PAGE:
Secretaries of State From Arizona, Georgia Trade Barbs on Noncitizen Voting, Voter ID

AP Photo/Alex Sanz

It stands to reason that, if we are to have reliable, secure elections, we must go to every effort to make sure only legal votes are cast and recorded. On Sunday, Secretaries of State Brad Raffensperger (R-GA) and Adrian Fontes (D-AZ) had a spirited discussion, on NBC's "Meet the Press" with host Kristen Welker, about attempted voting by noncitizens:


Welker asked Raffensperger why the issue of noncitizens voting in the election is such an urgent matter if its quite rare and illegal.

“Because I believe only American citizens should be voting in our elections. And I ran back in 2018 saying the same thing. I’m the first secretary of state in Georgia to ever do 100 percent citizenship verification,” Raffensperger responded.

He said the state found about 1,600 people that attempted to register to vote but they could not find citizenship verification.

“So, my fellow Georgians asked me, ‘Are noncitizens voting in Georgia?’ I can say, ‘No, they aren’t’ because we’ve checked it,” Raffensperger said.

Amazingly, Secretary Fontes used the fact that verification was done as an argument to not verify:

Fontes addressed Raffensperger saying he proved his own point with that example.

“You did an audit, and you found that there were attempts. But none of those folks were actually registered, and none of those folks actually voted. And that means that elections have been safe and secure from noncitizen voting in Georgia, Pennsylvania, Michigan, Arizona and across the country,” Fontes said. “So, I think this is a red herring.”

There's more to this than just noncitizen voting. This is one part of the problem the nation has with election integrity. Another one of the primary things that must be done to ensure election integrity is to make sure only eligible citizens vote. Too many Americans are losing faith in the election process. That's not without reason.


See Related: Majority of Americans Support Voter ID, Other Election Integrity Laws That Democrats Call 'Racist'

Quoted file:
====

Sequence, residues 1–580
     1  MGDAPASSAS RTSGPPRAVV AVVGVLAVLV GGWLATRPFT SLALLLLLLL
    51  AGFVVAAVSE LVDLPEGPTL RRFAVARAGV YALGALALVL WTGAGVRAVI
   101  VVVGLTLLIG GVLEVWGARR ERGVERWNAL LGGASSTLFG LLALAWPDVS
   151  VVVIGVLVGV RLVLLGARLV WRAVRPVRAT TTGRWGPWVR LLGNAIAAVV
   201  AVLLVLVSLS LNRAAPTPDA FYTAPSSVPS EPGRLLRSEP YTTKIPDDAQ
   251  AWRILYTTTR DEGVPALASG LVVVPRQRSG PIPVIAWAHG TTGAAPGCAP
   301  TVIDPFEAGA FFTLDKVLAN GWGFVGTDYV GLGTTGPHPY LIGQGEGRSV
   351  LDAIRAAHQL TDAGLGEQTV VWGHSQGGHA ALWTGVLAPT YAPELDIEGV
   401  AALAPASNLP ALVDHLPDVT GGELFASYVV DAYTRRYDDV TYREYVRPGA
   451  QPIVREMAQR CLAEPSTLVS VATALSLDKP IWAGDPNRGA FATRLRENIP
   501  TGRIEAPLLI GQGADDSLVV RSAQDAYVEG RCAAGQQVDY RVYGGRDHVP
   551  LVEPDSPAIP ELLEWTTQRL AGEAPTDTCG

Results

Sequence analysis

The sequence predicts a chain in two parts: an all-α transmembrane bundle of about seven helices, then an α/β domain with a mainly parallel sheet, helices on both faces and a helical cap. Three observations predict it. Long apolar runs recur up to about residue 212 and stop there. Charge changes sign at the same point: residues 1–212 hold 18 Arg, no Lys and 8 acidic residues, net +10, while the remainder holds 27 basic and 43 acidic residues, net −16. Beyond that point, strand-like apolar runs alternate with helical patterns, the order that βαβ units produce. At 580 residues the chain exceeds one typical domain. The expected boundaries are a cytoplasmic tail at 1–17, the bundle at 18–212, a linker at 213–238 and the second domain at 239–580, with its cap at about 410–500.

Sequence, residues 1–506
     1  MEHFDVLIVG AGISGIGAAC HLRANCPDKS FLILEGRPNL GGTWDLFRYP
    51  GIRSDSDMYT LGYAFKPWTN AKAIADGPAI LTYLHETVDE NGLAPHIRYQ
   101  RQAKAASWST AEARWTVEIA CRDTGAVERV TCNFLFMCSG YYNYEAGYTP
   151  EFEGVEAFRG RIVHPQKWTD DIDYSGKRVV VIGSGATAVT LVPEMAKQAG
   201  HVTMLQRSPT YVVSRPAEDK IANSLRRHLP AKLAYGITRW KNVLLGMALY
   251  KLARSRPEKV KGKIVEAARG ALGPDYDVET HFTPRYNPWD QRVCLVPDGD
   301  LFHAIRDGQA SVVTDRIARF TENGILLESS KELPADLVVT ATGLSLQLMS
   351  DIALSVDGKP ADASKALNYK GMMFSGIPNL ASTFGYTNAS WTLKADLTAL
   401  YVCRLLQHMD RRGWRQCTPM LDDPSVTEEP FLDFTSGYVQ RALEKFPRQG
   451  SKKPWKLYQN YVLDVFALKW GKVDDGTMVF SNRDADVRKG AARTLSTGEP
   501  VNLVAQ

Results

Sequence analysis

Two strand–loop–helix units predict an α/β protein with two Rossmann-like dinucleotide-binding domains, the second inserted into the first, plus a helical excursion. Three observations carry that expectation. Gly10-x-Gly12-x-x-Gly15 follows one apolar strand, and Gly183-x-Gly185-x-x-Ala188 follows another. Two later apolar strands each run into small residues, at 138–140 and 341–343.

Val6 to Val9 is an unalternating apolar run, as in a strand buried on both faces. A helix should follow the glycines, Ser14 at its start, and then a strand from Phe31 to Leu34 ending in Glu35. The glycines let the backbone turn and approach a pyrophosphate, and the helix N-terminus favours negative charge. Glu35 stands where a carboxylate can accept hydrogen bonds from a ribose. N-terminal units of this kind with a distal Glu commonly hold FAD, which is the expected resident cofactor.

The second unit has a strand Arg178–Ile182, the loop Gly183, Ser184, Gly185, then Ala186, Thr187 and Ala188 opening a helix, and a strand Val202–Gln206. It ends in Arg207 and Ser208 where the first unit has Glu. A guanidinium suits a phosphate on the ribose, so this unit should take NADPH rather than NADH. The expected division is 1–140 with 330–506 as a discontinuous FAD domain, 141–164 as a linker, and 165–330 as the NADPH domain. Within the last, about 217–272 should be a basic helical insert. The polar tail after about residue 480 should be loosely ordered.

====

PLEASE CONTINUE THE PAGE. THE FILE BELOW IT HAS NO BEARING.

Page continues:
AG Merrick Garland Campaigns for Unsecure Elections, Slams 'Unnecessary' Voter ID

Secretary Raffensperger went on to say, in reply to Fontes:

But it's not, because you look at, already, there's the left-wing groups trying to get noncitizens voting in local elections in Washington, DC, New York City, and in other places. And so, if people really, truly believe this, then why are we getting sued by the left to stop us from doing citizenship verification?

It's also exclusively the left that is fighting against requiring an ID to vote. That's somewhat baffling, as in this "Meet the Press" discussion, all parties appear to agree with the need for election security, including the Georgia Republican and the Arizona Democrat; their discussion had to do with noncitizens attempting to vote, but the same arguments could easily apply to people voting under another's name, or voting under the name of a deceased relative, or even engaging in questionable ballot harvesting.

Here in the Valley, when we vote, we go to our Community Center, show our ID, sign the log, and fill out a paper ballot that is counted by people. Granted, in a jurisdiction where there are only a few thousand votes to count, hand-counting and verifying is a lot more doable than in a major city with millions of votes cast. But there can be no good argument against having every citizen verify their identity and being checked off against a log of registered voters before receiving a ballot. It's a primary aspect of maintaining secure elections, without which we no longer have a representative, constitutional republic.


Whether the issue is noncitizens attempting to vote or any other electoral shenanigans, there's just no good reason for voters to not be required to establish their identity and eligibility. Any other position should be viewed with the greatest suspicion.


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